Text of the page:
Stability

Even before the creation of the beautiful and complex structures of today, the most important and fundamental concept behind structural engineering has always been stability.  When a simple shelter needs to be built, even a bundle of sticks propped up to shield against the wind, the preliminary concern lies in keeping the house upright.  For the most part, that is simply what the word stability means.  If a structure has the capacity to bear the forces applied to it without tipping over or sliding, then it is stable.  

Figure 1.1

Figure 1.1

For example, if a pencil stands upright on its pointed end, it will very quickly fall over.  If a hand is placed at the top holding the eraser end, it will remain in place.  Figure 1.1 demonstrates a steel column with similar constraints. However, fasteners such as tape, glue, or modeling clay could be used in conjunction with several pencils to construct a model fort.  This model would be a rigid or stable structure.  

Figure 1.2

Figure 1.2

Certain machines that are designed to move are not classifiable as stable structures.  For example, the pendulum in a grandfather clock swings back and forth due to the force of gravity and the counterweights that keep the motion going.  The pendulum is connected to the clock by what is known as a pin joint.  This joint does not support a moment; that means that it can freely turn around its axis.  There is no twisting resistance in the joint.  By itself, a pin joint cannot be a support for a stable structure.  However with the right combination and linking of these joints, a stable structure is possible.  A square frame composed of three members pinned together would be unstable.  See Figure 1.2.  

Figure 1.3

Figure 1.3

Any lateral force applied would cause the structure to fold flat.  However, if a fourth member is pinned across opposite corners of the square, the shape would become rigid.  Any force applied to it would have to snap one of the beams in order for anything to move.  Because it does not freely rotate about any of the joints, it achieves the status of a stable structure.  See Figure 1.3.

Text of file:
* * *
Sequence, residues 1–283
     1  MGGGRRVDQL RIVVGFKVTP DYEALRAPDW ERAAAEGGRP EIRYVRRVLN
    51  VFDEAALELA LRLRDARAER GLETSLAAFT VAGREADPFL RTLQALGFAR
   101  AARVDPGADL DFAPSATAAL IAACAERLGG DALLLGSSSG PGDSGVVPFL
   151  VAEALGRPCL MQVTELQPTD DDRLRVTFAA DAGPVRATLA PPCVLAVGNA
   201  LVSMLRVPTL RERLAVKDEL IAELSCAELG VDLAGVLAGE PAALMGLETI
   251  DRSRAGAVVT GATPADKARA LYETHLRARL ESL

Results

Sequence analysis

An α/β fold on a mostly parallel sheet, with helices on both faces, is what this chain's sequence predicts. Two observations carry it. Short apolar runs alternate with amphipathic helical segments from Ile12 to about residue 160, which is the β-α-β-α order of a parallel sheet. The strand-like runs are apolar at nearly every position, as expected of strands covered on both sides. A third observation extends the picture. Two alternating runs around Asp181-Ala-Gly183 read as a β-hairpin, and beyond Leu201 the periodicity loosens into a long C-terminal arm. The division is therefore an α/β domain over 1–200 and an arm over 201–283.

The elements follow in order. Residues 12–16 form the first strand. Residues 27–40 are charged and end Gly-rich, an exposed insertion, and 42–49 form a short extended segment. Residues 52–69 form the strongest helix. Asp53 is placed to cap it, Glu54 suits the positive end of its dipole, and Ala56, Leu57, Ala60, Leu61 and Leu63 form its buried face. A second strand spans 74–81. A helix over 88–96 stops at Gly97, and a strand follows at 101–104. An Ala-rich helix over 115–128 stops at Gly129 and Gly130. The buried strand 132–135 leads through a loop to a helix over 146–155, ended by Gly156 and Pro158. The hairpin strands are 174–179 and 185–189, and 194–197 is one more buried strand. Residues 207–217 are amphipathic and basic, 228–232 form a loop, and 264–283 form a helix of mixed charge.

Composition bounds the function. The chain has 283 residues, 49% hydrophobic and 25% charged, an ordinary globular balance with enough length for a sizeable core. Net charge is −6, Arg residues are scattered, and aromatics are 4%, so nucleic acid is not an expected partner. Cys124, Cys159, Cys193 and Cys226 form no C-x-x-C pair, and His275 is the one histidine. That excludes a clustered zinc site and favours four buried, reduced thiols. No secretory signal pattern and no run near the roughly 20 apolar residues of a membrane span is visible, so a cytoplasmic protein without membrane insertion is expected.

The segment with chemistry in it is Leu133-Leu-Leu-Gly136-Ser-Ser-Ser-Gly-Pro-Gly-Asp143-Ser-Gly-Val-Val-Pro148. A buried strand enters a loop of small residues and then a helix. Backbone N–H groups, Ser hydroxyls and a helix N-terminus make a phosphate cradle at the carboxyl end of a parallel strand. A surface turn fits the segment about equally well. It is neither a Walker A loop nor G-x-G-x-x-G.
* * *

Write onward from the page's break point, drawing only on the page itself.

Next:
A common way of describing this definition of stability is with degrees of freedom.  A degree of freedom is the ability to move linearly in one of the three spatial dimensions and the ability to rotate on an axis.  If an object is constrained so that it cannot translate in the x, y, or z dimensions and is incapable of rotation about any axis, it is considered stable.  A detailed explanation of the lateral forces referenced in this section can be found in Unit 2: Lateral Loads.

One concern of structural engineering involves designing and building components and members that fit together to form stable structures.  However, the materials and geometries of these members must be able to withstand all the loads applied to them.  Apart from simple stability, engineers are also interested in preventing breaking or failure of a structure.  To reference the pencil fort example, the model needs to be stable enough to remain rigid, but the wood in the pencil also needs to be strong enough to prevent snapping.  Using simple methods like mechanics of materials to analyze such properties is how engineers can analyze simple designs.  However, it is extremely rare that buildings are designed with such simplicity.  Almost all structures today require significantly more calculations to analyze.  It is with more complex material, and more diverse building plans, that FEA software has proven to be an empowering asset.